"I think we have shown that we mean business to all sections of South African society," says Carel van der Merwe, head of SABC radio and one of the architects of the dramatic turnaround which, he insists, began before Frederik de Klerk became president in 1989. "We believe we must broaden our base through deregulation and creating an independent broadcasting control council to replace ministerial control of broadcasting," he says. "We need to commercialize."
But rigid political control remained intact and consultation with black South Africans did not materialize. As public disquiet mounted, the government announced the appointment of a task force on broadcasting to recommend guidelines commensurate with the changing political reality. But the appointed group consisted almost exclusively of white, Afrikaans-speaking men, including three members of the National Intelligence Service and a retired chaplain of the South African Defense Force. Instead of defusin g
the issue, the task force generated protests by anti-apartheid groups, journalists, and civil rights workers.
"You can't have an institution investigating itself," says Professor Gavin Stewart of the liberal Rhodes University's journalism department.
The government-dominated board of the SABC responded by appointing two English-speaking businessmen and a black newspaper editor to the task force - a step branded as meaningless by critics. Since last December, the SABC has taken three steps that could help defuse widespread resentment.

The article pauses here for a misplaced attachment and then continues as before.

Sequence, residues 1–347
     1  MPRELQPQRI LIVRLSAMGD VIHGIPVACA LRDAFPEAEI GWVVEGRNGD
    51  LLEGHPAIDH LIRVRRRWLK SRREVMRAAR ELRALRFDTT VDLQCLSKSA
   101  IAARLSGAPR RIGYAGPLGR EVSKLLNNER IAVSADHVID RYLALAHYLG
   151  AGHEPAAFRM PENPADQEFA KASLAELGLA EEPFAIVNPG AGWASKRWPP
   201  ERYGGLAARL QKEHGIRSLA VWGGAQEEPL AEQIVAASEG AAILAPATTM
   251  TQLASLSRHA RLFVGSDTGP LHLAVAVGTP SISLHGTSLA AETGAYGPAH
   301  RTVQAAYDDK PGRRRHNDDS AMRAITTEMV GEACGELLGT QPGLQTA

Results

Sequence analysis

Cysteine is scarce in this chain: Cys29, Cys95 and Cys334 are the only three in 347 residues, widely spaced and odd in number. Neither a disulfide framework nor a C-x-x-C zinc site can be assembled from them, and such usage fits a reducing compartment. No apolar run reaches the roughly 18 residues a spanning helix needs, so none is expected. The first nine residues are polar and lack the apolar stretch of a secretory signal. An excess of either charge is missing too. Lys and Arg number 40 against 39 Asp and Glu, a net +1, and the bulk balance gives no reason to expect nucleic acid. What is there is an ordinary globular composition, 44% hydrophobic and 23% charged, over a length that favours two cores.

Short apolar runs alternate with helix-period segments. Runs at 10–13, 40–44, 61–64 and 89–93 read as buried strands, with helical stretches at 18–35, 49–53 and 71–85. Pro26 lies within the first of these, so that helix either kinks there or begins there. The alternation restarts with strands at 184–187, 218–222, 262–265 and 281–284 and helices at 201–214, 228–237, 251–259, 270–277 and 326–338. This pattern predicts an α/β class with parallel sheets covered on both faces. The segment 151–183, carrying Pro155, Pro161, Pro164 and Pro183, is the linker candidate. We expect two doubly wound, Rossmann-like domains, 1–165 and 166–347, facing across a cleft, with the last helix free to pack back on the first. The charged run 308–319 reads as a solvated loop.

In December it gave the conditional green light for the creation of a TV news service by the successful pay channel M-Net. In February, the board appointed Quentin Green, an accountant with two years experience at the SABC to head the TV section. Mr. Green is the first English-speaker to get a top SABC post. Three weeks ago the SABC made its boldest move yet by appointing Madala Mphahlele, a black executive, to head its multicultural second channel, which alternates between English and five African lan g
uages. Mr. Mphahlele sees his job as devising a strategy for programming that would unite the country's ethnic groups. "We have now reached a point where we have to thoroughly debate our South Africanness and television is a powerful medium which we can use," he told City Press, a newspaper read mainly by blacks.
ANC leaders have identified state control of the broadcasting media as a priority item in negotiating a political transition. They favor an interim body and have voiced suspicion of current plans to deregulate if that means putting broadcast media beyond the reach of the next government.
"The present task force has nothing to do with the democratization of broadcasting ... it is illegitimate," says John van Zyl, head of Film and Television studies at Witwatersrand University's School of Dramatic Art. "I can't see the SABC surviving in an era of vigorous competition," says Mr. Van Zyl. "There is an ingrained culture at the SABC and I think it will be impossible for them to break out of that."
Professor Stewart disagrees. "I think the SABC will become more vibrant over time."